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O'Malley Worries That Government Shutdown Could Hurt State Economy

A shutdown of the federal government would be devastating for the state of Maryland, says Governor Martin O'Malley.

The governor appeared with President Obama yesterday at Prince George's Community College in Largo, where they discussed the exchanges as part of the Affordable Care Act that are due to go online Tuesday. O'Malley says he's fairly confident Maryland's marketplace will launch smoothly without any major problems.

But the potential 2016 Democratic presidential candidate is more than fairly confident that if the federal government gets shut down because of the funding fight over the law referred to as Obamacare, Maryland will suffer.

"It would be a real kick in the teeth for us. It's not something that would help us recover, it's something that would hurt our economy. Perhaps that's why the Republican Congress wants to do it. I think they have not been able to get out of the hostage-taking mode of governing," he said.

Maryland is home to many major federal installations, like the National Institutes of Health, the National Security Agency and several military bases.

NPR

Barbershop: UofL Basketball Ban, Football Concussions And The NFL Women's Summit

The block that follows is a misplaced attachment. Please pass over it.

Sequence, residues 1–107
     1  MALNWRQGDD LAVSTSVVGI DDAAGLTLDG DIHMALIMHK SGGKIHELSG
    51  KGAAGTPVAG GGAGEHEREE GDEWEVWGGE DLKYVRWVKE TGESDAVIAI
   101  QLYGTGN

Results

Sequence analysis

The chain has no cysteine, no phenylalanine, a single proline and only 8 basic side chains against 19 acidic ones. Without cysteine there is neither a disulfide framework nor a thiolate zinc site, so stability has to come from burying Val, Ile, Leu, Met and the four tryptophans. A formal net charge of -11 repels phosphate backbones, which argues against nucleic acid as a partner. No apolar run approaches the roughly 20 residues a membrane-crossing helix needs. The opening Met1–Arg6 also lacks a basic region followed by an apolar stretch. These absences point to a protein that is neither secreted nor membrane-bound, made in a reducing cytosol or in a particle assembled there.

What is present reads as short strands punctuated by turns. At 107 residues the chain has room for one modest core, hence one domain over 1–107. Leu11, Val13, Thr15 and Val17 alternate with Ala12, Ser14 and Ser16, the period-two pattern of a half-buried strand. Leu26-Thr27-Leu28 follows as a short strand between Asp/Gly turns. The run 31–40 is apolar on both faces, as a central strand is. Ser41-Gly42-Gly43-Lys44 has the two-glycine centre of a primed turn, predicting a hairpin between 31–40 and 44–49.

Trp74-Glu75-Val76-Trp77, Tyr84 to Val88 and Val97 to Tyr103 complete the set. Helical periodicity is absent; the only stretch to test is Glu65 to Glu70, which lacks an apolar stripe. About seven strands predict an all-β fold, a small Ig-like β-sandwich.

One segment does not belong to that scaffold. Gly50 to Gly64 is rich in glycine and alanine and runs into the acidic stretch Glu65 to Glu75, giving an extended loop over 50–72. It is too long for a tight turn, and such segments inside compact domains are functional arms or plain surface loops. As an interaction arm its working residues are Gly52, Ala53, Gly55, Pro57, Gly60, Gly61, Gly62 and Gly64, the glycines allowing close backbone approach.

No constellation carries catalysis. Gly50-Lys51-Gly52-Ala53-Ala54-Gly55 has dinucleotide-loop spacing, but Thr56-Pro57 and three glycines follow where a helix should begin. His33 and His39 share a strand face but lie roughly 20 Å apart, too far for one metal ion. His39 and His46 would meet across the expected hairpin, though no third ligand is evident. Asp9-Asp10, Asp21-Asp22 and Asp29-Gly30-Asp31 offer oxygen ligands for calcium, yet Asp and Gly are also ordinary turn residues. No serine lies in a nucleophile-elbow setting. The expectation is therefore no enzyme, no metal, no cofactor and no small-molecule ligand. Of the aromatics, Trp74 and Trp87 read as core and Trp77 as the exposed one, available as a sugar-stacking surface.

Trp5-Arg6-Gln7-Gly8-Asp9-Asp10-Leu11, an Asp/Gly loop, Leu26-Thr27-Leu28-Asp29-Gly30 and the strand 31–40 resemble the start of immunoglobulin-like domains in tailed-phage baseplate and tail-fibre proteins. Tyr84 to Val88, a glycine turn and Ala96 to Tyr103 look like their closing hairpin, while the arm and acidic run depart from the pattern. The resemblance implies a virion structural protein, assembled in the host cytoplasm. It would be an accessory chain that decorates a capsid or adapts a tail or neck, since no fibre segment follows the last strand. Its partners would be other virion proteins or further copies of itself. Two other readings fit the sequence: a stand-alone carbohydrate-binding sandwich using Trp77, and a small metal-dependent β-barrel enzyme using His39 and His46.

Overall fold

ESPN contributor Kevin Blackistone, Bloomberg View's Kavitha Davidson and The Washington Post's Wesley Lowery talk about the UofL basketball team, public opinion of the NFL, and women in sports.
NPR

After Introducing Changes, Keurig Sales Continue To Fall

Despite America's high coffee consumption, Keurig reported disappointing sales this week. Even during its popular holiday selling period, the numbers haven't perked up in recent years.
NPR

On The Clock: Rubio Gets The Most Talking Time In Tonight's Debate

It was the last debate before the New Hampshire primary and Donald Trump was back onstage. Which GOP candidate ended up with the most talking time?
NPR

How Limited Internet Access Can Subtract From Kids' Education

Smartphones are often credited with helping bridge the "digital divide" between people who do and don't have Internet access at home. But is mobile Internet enough for a family with a kid in school?

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